By J. Roslyn
Drafting a biography of an ordinary man who lived and died over one hundred and thirty years ago is an enormous task, it is even more difficult when the ordinary man is your great, great grandfather. Falls Church News-Press founder and publisher Nicholas F. Benton took on that task and has produced a fascinating book that weaves documented biographical facts with family lore and wider historical events.
John Avery Benton (1831-1886) was Nick Benton’s great great grandfather. He was a farmer in Wisconsin before he enlisted in the Union Army and marched with Gen. William Sherman through Georgia and the Carolinas.
For many years, he was a logistical supply line coordinator and cook for the 32nd Wisconsin regiment. When the war ended, John Avery, suffering from tuberculosis caught while serving, made his way back to his farm and family.
Nick Benton captures the essence of John Avery’s life as a veteran of the Civil War. John Avery, sick with TB, and probably with PTSD from the nightmare of living with bloody slaughter for four years, farmed for a few more years and raised his family. But moved by the plight of so many in the wake of the war, women, children, including orphans and disabled veterans, he felt called to move to the ministry, despite lacking official training, where he became the mission superintendent and chaplain at a state prison in Waupun, Wisconsin. Later he founded his own church in the Upper Peninsula of Michigan where he died.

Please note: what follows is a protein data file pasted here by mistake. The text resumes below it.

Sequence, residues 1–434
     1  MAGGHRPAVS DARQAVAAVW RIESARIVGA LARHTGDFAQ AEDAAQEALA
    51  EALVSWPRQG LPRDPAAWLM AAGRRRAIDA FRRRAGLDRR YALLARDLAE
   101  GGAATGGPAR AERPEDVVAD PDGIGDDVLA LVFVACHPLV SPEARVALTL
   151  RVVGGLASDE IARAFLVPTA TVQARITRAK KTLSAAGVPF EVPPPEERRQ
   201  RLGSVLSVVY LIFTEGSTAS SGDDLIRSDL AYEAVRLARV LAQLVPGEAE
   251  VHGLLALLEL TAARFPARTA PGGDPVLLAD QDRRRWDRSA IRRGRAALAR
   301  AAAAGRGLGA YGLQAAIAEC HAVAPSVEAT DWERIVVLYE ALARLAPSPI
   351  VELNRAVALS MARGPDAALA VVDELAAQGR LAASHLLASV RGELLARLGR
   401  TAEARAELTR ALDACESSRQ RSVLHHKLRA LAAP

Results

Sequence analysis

The Civil War is not a subject from the distant past. Nick Benton’s great aunt, born in 1902, remembered meeting John Avery’s daughter. Another child of a different Civil War veteran received his pension until her death a few years ago.
At what point does family research become historical research or vice versa? Nick Benton demonstrates that genealogical family research is always historical research, and the research never really ends.
As records found in dusty church and city hall basements continue to be digitized, historians will continue to learn the little reported day to day facts of post war America in the second half of the nineteenth century.
Those facts will bring us closer to knowing the life that John Avery Benton, a veteran with a disability caused by his service in the war, was both forced and chose to live after the war.
Indeed, considering the fact that the Civil War is such recent history, there is a shocking lack of knowledge on how the war impacted life in America only 155 years ago.
Nick Benton’s well-researched biography of John Avery Benton is thoroughly insightful about the America of that time.
The path that John Avery followed in his life, from farmer to soldier to farmer and then to the clergy, mirrors the path that a service-disabled veteran might take in the 21st century, including the devastating effects of PTSD.
“John Avery Benton: The Life of a Civil War Veteran Transformed by the Greatness of His Time,” is a grounded story about the life of a veteran in post-war America.
It is available on the usual online sources for $10 but also from the Falls Church News-Press, 105 N. Virginia Ave., Suite 110, F.C. 22046, the weekly that Nick Benton founded and has run for 30 years.